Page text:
Prepare for a germ reckoning at the gym.
As the coronavirus lockdown restrictions begin to ease, gyms and fitness studios have started to roll out reopening plans.
But health experts warn that your regular sweat seshes are about to look very different. Some worry about a repeat of what happened in South Korea, where more than 100 coronavirus cases were linked to a group of dance instructors.
“The gym is a perfect storm for transmitting respiratory disease,” says Dr. Purvi Parikh, a member of Physicians for Patient Protection and an immunologist at NYU Langone who points to “crowds, heavy breathing and touching,” as possible COVID-spreading culprits.
She warns that not all workouts are equally contagious, but says all gyms will have to take “drastic measures” to comply with the Centers for Disease Control and Prevention’s guidelines for social distancing.
Gym owners such as Kelvin Gary, who runs Body Space Fitness in Union Square, have already begun to make serious changes. Gary has sunk about $12,000 into remodeling efforts to make his space more sanitary.
“We’re setting it where essentially each client has their own mini gym,” Gary tells The Post.
At Equinox, expect shorter hours, temperature checks and prescheduled workout slots. The luxe chain announced these among other changes earlier this month, while its sister brand, SoulCycle, says they’ll require gloves for staff, close their showers and cap the number of available bikes per class to ensure a socially distant sweat.
Big box gyms such as Retro Fitness have pledged to scrub down “[using] hospital grade cleaner to clean the entire gym,” according to a press release. Plus, they promise to enact touch-free check-ins and preorders for smoothies to limit hand-to-hand contact.
But will it be enough?
Here, the experts share what the gym of the future might look like.
Expect machines to be more spread out at your local gym. “The way you see airlines blocking seats, we might see that, where gyms are blocking treadmills or bikes,” says Parikh. In Hong Kong, some gyms have installed Plexiglass barriers to keep exercisers’ sweat and germs from mingling. But Parikh is skeptical this will make a real difference.
“Plexiglass is great, but only if it’s being cleaned after each use or else the germs stay enclosed,” she says.
You might be asked to wear a mask, or be required to, depending on where your gym is located. This can make working out tougher, or downright dangerous — a man in Wuhan, China recently passed out while running with a mask. In two other incidents involving physical activity, two Chinese boys dropped dead within a week of one another recently while wearing masks during gym class.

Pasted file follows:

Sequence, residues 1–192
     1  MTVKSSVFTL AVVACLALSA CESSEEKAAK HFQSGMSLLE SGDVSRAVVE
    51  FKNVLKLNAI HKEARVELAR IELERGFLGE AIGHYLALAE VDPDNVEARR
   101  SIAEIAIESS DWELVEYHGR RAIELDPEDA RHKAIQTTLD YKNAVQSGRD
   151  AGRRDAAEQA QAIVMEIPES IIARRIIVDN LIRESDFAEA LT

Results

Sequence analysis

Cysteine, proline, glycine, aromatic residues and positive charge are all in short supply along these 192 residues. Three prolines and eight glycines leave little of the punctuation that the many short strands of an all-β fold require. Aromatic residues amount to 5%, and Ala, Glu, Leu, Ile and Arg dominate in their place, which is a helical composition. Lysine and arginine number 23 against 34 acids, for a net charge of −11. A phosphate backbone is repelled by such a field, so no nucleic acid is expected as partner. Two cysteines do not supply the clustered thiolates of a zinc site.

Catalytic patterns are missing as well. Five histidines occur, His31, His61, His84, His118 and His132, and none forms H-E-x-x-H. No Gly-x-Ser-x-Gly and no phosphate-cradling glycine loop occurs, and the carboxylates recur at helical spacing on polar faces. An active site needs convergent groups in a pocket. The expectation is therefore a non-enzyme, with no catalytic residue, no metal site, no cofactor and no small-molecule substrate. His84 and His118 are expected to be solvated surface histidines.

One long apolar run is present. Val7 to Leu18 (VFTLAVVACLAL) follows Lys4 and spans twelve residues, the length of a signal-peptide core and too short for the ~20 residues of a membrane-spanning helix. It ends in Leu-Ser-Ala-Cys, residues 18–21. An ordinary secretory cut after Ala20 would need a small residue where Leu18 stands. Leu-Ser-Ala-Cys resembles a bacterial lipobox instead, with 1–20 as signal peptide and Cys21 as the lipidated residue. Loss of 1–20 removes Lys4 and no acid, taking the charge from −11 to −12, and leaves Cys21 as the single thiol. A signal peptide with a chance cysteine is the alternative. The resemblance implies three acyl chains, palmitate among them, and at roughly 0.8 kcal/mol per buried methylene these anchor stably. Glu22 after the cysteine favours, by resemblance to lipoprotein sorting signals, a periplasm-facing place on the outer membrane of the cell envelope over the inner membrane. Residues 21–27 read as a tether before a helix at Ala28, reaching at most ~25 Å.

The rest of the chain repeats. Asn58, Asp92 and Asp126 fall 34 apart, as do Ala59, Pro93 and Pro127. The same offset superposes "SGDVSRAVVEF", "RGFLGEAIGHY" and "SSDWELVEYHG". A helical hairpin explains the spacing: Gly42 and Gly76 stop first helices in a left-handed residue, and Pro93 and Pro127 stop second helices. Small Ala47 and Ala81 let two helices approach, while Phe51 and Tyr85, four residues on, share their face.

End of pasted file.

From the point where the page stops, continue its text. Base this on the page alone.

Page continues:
Your best bet is to wear a mask when you can, but when it comes to workouts that require a lot of oxygen, such as running or heavy weightlifting, you might be forgiven for removing your mask, Parikh says.
“Realistically I don’t think many people will be able to work out [that heavily] with a mask,” Parikh says.
Depending on the material of the dumbbells at your gym, these might be your best bet.
“The virus tends to last the longest on plastic,” says Parikh. “Steel and aluminum surfaces are after that.”
And, maybe skip using an exercise bench: “If you press one button on a treadmill, that’s less to worry about than an entire bench, where more onus is on the gymgoer to clean the entire thing,” says Parikh.
Gym floor mats
Russian twists, planks and yoga moves that take place on communal mats will require the most prep.
“Your whole body is being exposed at this point, rather than one area [using a weight, or machine],” says Parikh, who points out that gym cleaning policies will matter most in these high-traffic areas.
Expect more disinfecting products in this area of the gym. Gary, the Union Square gym owner, plans on providing liquid sanitizer that can be used on both hands and equipment, and virus-killing UV light wands for each training station, too.
Classes may be the last thing to return at your local fitness center.
“Classes used to be a lot of people in one room breathing heavily with their heart rate up,” says Parikh. “If everybody is dancing and gasping, you’re probably not 6 feet apart, and you may be touching your face because you’re sweating. You’re basically doing all the things we’ve been telling people not to do since January.”
New-age classes will likely mean less people, and markers on the ground for everyone to keep a safe space from each other. Gary says looking forward, he plans on keeping his gym’s group classes online, but venturing out to meet his clients. “We’re looking at potentially doing some group classes outside,” he says.
Be careful not to get too comfortable in the locker room. “Towels everywhere, close quarters and high turnover all concern me in terms of cleanliness,” says Parikh, who adds that saunas and steam rooms are a no-go. Sweaty, enclosed rooms are where the virus thrives, and “social distancing becomes a problem immediately,” she says, adding that it might be a better idea to hit the showers at home.
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